Sourcing through Alibaba

The e-commerce age is in full swing thanks to the development of the Internet, which provides numerous options to source products, for a broader range of buyers.

Alibaba is a platform where buyers and sellers from all over the world (but still predominantly from China) meet.  It is one the greatest success stories of China and it channels billions of dollars of orders per year.  On Alibaba, one can find suppliers for a mind-boggling variety of goods. You can also get prompt responses, quotes, and even samples.  So, is sourcing from Alibaba the end-all solution for importers?

As usual, the answer is: It depends.

We previously wrote a blog about finding a sourcing agent on Upwork (See: China Sourcing: Upwork vs. Sourcing Agency) that points to the fact that there is a need for on-site support in China.  And yet, buying from, or more precisely, through, Alibaba suggests there is no such need.  How does this make sense?

Alibaba was established in China in 1999 and is currently the world’s leading business-to-business ecommerce company. Their recent phenomenal growth is also attributed to their entry into the business-to-clients arena. Their base is in China but they have international offices in Japan, Korea, Europe, and the U.S. Their business has been dramatically growing—with over 552 million active users. To demonstrate their magnitude, during a one-day promotion on November 11, 2018 (“Singles Day”), they did over $30 billion in business.

So, what does Alibaba do? Most importers are aware of Alibaba but for those who are not familiar with it, we will be doing a comparison between Ebay and Alibaba to help increase understanding.

Ebay is an American multinational consumer-to-consumer corporation. The company manages eBay.com, an online auction and shopping website in which people and businesses can buy and sell varieties of finished goods worldwide.

On the other hand, Alibaba is like an online yellow page and their main function is connecting foreign companies with Chinese manufactures. In other words, they specialize in and facilitate trade between buyers and sellers. Therefore, Alibaba seems to be a better fit for businesses that would like to source products from China and re-sell them in their own countries.

Regardless of the sourcing platform used, there are always advantages and disadvantages.

The advantages of Alibaba are:

  • Users can contact buyers and sellers worldwide on Alibaba. That means there are unlimited opportunities for users to source products.
  • It is free to sign up for a membership.
  • Members can use online sourcing tools, send inquiries direct to suppliers, and post wanted advertisements. They are all free of charge.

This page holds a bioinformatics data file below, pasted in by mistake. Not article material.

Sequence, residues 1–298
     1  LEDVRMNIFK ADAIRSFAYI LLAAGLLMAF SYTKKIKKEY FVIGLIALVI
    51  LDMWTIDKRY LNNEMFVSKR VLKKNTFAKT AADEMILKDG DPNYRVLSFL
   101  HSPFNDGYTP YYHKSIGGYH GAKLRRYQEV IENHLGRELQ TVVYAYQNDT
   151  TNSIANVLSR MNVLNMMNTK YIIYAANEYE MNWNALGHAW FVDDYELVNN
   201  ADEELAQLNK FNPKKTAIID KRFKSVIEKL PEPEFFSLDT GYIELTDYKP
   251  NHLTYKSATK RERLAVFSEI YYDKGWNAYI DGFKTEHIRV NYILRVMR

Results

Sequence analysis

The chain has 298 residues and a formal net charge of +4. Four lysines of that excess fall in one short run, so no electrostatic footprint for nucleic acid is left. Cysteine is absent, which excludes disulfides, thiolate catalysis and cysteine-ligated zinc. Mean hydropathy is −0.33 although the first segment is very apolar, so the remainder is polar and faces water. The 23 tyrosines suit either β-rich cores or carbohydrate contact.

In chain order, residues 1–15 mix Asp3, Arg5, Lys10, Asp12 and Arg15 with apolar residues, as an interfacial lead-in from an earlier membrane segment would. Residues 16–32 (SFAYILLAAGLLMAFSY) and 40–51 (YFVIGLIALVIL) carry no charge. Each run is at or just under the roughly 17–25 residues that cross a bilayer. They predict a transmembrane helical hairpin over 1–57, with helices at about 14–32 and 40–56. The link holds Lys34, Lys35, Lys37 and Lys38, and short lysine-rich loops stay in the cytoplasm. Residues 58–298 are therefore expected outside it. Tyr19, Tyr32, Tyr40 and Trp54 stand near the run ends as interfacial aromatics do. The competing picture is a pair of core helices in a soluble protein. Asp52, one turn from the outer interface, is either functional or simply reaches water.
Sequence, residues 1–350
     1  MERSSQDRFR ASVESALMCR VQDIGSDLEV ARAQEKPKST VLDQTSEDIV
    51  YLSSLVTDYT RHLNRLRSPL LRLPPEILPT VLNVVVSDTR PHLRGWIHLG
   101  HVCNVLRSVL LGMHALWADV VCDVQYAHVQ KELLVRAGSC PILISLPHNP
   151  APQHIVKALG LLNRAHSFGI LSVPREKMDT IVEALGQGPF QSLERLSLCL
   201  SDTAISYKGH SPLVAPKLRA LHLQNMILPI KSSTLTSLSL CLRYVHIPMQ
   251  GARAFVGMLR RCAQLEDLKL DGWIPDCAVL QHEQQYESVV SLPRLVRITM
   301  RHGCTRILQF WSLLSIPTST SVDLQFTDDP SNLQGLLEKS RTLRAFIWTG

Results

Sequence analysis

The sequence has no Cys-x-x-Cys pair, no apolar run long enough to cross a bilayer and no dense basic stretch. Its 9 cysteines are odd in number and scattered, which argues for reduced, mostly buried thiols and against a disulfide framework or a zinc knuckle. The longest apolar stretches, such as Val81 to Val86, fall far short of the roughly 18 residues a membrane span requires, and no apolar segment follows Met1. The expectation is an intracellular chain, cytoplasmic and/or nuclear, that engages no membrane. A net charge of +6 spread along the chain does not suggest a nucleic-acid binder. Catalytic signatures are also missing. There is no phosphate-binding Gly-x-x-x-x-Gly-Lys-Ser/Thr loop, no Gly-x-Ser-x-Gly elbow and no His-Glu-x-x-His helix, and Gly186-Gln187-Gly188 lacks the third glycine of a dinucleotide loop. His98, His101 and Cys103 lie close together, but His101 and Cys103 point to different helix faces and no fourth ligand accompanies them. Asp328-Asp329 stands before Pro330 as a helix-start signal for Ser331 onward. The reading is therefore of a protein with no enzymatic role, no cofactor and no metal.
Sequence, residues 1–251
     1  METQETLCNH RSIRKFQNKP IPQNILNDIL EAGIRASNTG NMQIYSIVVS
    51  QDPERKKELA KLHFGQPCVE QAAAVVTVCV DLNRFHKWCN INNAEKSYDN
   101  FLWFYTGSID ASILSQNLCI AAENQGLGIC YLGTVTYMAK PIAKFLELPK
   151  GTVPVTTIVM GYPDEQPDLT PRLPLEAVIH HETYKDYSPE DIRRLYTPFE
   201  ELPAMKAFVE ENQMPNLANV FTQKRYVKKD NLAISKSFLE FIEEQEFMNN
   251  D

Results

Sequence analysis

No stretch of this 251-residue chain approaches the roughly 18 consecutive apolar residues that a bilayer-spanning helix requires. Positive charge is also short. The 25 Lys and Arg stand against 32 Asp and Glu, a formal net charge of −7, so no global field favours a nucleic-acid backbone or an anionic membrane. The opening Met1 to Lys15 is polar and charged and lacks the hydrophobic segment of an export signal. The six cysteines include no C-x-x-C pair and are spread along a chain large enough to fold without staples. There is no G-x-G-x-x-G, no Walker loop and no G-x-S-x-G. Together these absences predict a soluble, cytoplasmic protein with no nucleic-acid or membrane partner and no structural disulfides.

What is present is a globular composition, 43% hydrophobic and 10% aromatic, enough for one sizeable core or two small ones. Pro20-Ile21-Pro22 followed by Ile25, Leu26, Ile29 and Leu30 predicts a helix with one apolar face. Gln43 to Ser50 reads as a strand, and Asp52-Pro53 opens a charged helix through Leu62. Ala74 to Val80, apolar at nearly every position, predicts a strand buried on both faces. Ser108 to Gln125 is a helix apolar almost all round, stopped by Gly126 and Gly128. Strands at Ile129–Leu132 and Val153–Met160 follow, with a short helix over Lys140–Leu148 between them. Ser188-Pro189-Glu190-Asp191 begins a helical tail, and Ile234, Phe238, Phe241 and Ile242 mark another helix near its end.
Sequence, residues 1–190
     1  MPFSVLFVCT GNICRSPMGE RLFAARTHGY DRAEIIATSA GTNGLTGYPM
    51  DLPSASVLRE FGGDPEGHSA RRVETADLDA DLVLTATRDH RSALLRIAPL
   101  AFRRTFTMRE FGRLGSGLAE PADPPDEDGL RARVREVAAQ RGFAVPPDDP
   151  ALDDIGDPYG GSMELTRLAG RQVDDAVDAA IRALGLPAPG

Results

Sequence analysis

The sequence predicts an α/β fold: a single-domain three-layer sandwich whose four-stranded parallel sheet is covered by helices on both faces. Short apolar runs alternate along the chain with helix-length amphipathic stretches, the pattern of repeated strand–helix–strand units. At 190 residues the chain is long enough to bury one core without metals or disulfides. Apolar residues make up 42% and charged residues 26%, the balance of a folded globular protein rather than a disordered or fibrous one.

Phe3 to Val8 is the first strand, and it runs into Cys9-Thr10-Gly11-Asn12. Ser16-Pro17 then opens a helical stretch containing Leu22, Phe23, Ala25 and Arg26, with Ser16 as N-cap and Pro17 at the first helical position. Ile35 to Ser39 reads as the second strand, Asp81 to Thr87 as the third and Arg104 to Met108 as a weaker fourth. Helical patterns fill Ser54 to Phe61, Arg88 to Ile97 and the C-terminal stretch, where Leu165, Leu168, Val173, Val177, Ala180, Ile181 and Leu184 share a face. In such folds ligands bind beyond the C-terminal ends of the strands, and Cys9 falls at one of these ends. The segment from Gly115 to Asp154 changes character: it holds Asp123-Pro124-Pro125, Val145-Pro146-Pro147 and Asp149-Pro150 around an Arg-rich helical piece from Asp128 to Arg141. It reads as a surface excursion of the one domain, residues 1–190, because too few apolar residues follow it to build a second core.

• Minimum Order Quantities (MOQ) can be as low as 1 unit.
  • It can be a good source of generic products, direct to the end-user.
  • Shipment from the Chinese factory to the end-user is not very expensive

However, current and future users should be aware of Alibaba’s disadvantages as well, including:

  • Fraudulent companies, brokers, and agents are also on Alibaba, and it is hard to know whom to trust. Some users lose money by making payments but never receiving products.
  • If an importer can find products and get quotes on Alibaba, so can their customers.
  • It is difficult (and sometimes impossible) to customize products on this platform. i.e. You can buy what they have, but you cannot order to your specifications. 
  • There are few remedies for users if the product received turns out not to be what was expected or when they become victim to fraudulent sellers, and it can be very difficult to recoup lost payments (see above point).
  • Prices are higher than what you can get by dealing directly with manufacturers.
  • Lack of transparency is a problem faced by companies listed on Alibaba. It only lists limited and brief descriptions.
  • Many users get tons of spam.

Alibaba is a great way to get information, and a good place to start looking for manufacturers in China. However, it is hard to judge if the manufacturers are trustworthy or to determine if they will provide what users expect. In addition, users should be aware of the myriad difficulties and challenges when sourcing from China. Cultural differences and language barriers remain huge obstacles, even when using Alibaba.

In conclusion, Alibaba can be a good source of products for the individual who does not mind taking risks or waiting for delivery in order to“get a good deal”on generic products.  But it is not a good solution for businesses whose success depends on delivering unique or branded products at a competitive cost. For those, it is still best to use a professional full-service sourcing provider to help manage the supply chain. (See: FAQ: What is the difference between CPG and vendors on B2B websites such as Alibaba?)

 

By Arisa Akasaka and Jocelyn Trigueros

 

Sources: Examiner, ecommercebytes, comparison of Ebay.com and Alibaba, startupnation.com, economist, and alibaba.com

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